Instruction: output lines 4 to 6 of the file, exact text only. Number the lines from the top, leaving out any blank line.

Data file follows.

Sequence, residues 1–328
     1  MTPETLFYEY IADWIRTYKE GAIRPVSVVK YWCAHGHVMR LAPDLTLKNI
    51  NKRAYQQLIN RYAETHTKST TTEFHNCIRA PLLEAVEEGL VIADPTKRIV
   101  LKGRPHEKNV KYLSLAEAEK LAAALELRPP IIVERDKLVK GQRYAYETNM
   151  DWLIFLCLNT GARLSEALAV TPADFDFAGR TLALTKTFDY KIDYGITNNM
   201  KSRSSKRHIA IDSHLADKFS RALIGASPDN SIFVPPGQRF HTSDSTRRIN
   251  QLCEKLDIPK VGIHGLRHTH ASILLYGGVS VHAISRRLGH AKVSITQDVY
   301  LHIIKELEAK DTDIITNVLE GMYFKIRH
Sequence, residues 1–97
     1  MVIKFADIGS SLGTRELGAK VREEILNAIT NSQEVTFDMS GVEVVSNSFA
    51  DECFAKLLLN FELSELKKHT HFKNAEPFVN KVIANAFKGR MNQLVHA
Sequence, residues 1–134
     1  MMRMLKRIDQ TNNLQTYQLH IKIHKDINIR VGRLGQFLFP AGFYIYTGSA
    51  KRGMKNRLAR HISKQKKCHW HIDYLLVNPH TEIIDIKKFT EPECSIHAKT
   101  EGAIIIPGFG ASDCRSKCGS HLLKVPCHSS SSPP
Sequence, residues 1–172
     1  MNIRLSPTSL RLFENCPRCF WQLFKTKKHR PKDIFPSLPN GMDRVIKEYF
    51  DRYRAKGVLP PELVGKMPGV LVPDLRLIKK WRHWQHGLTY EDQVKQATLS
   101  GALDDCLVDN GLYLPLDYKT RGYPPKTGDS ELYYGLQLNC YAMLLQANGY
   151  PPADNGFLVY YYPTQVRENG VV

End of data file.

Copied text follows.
   101  LKGRPHEKNV KYLSLAEAEK LAAALELRPP IIVERDKLVK GQRYAYETNM
   151  DWLIFLCLNT GARLSEALAV TPADFDFAGR TLALTKTFDY KIDYGITNNM
   201  KSRSSKRHIA IDSHLADKFS RALIGASPDN SIFVPPGQRF HTSDSTRRIN